The Relaxation Response is another scientifically-backed stress management technique that can be done for 10 to 20 minutes per day. The steps are simple, as it just consists of repeating a word, sound, or phrase, or, if you like, a muscle activity.

Lastly, meditation can also be done before bedtime in order to wind the mind down, and prepare the body for sleep by slowing down your breathing.

Physical Exercise

It is not a secret: physical activity is a mood booster. A recent study demonstrated that people who spent sitting more than 8 hours per day showed a higher level of anxiety and depression (two major enemies of good sleep). Those same subjects also showed an overall decreased mental well-being. The serotonin boost that people get from exercise can improve their overall mental state, especially if done consistently.

It doesn’t have to be anything too tiring as exercises like yoga, aerobics, and walking are enough to keep your brain producing good chemicals. In any case, remember not to exercise too close to the time when you go to bed. Among the substances produced are hormones and neurotransmitters with stimulating and excitatory effects that can make it difficult to fall asleep.

Better Sleep Hygiene

It is one of the norms of cognitive behavioural therapy for insomnia, and among the most effective treatments for insomnia. Such measures help ensure a more robust sleep routine and help you experience your bedroom as a special place: in bed, you should do nothing but sleep and rest at most. Moreover, you should:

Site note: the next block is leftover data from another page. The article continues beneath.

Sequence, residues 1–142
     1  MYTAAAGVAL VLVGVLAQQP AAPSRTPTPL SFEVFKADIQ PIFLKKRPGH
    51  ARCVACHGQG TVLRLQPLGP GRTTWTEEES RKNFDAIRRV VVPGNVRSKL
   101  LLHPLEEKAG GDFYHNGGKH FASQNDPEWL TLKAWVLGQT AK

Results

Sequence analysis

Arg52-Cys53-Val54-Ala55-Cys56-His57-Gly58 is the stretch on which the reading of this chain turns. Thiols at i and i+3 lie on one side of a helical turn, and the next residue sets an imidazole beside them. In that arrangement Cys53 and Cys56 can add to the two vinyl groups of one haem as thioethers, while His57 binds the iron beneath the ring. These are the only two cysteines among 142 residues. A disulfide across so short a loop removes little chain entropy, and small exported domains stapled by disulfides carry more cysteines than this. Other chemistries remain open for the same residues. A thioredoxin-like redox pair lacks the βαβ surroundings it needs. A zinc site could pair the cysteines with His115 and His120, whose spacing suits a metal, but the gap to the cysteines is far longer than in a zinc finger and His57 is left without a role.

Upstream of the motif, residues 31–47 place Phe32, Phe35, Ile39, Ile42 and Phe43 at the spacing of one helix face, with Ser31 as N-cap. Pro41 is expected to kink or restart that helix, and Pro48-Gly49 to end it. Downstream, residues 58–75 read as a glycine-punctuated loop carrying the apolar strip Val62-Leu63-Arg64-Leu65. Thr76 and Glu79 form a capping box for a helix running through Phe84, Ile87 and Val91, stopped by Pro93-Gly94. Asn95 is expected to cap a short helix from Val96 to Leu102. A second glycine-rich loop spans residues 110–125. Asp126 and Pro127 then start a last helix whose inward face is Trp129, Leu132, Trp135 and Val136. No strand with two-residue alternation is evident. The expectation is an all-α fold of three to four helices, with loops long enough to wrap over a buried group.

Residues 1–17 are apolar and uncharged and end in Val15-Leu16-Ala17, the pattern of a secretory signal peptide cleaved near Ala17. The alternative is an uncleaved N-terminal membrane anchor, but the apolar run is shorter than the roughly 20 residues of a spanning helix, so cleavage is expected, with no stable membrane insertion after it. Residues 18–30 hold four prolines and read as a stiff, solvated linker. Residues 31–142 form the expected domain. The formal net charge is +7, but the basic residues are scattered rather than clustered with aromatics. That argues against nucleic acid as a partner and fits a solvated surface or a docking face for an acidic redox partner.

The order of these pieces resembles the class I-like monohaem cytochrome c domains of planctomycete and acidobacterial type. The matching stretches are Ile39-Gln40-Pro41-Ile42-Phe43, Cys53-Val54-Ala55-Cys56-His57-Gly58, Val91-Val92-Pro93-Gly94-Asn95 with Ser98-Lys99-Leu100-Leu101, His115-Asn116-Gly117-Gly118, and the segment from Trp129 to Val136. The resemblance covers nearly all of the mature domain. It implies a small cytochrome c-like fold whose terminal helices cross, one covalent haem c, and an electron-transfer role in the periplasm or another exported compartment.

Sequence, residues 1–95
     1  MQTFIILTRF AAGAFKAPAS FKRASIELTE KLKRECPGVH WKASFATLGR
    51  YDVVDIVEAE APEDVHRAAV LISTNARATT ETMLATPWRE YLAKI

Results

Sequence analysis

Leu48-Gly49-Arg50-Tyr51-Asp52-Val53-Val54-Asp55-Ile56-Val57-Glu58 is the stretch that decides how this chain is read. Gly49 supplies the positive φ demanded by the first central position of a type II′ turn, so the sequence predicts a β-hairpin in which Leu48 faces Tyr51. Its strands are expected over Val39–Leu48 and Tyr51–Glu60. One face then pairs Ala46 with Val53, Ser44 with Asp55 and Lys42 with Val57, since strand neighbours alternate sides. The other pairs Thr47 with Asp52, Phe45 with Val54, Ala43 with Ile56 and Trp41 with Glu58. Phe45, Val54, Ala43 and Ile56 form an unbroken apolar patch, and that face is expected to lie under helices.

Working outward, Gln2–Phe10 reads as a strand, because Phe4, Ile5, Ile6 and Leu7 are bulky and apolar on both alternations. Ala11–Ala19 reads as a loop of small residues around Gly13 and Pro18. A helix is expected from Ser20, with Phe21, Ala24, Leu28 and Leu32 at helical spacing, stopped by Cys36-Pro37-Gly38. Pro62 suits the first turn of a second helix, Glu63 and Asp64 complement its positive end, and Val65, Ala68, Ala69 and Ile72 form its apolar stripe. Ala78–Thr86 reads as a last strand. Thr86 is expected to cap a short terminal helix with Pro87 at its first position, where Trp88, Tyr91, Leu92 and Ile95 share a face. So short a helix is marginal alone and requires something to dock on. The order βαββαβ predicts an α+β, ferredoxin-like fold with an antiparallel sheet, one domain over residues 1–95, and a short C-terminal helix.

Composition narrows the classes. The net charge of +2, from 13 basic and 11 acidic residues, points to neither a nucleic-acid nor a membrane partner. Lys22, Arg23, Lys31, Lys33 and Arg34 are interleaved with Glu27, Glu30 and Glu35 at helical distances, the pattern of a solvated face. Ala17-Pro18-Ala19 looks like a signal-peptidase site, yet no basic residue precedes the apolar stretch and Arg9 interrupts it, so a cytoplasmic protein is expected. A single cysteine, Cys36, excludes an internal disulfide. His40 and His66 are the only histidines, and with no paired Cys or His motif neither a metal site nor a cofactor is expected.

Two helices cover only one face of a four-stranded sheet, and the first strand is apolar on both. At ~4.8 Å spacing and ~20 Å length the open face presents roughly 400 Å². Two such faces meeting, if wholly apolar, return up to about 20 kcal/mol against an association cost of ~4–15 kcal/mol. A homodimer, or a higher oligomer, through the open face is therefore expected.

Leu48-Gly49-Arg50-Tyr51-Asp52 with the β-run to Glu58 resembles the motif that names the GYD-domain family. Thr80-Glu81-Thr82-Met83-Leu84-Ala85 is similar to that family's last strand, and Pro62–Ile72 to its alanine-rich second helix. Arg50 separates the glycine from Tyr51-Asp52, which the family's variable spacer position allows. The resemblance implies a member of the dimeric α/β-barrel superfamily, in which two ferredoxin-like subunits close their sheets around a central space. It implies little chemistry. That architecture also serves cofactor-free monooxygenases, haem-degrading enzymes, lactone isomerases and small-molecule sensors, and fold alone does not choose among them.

• Avoid scrolling your mobile phone for hours in bed,
  • If you have a sofa, you should prefer to watch films or TV series while sitting on it and not lying on the bed,
  • If you feel that your eyes are fatigued, avoid using electronic devices (mobile phones, computers, TVs and tablets) an hour before bedtime. The blue light they emit makes it harder to fall asleep.
  • Suppose you just can’t do without electronic devices. In that case, you might consider buying glasses with lenses that block the blue light emitted. Another alternative is to set your device on filter mode to limit the emission of blue light from the screen.

It’s also helpful to have a bedroom that is conducive for sleep. Having the right room temperature can affect your sleep quality and the ideal degree varies from person to person, but most get good sleep with a cool temperature of around 70°F (21°C).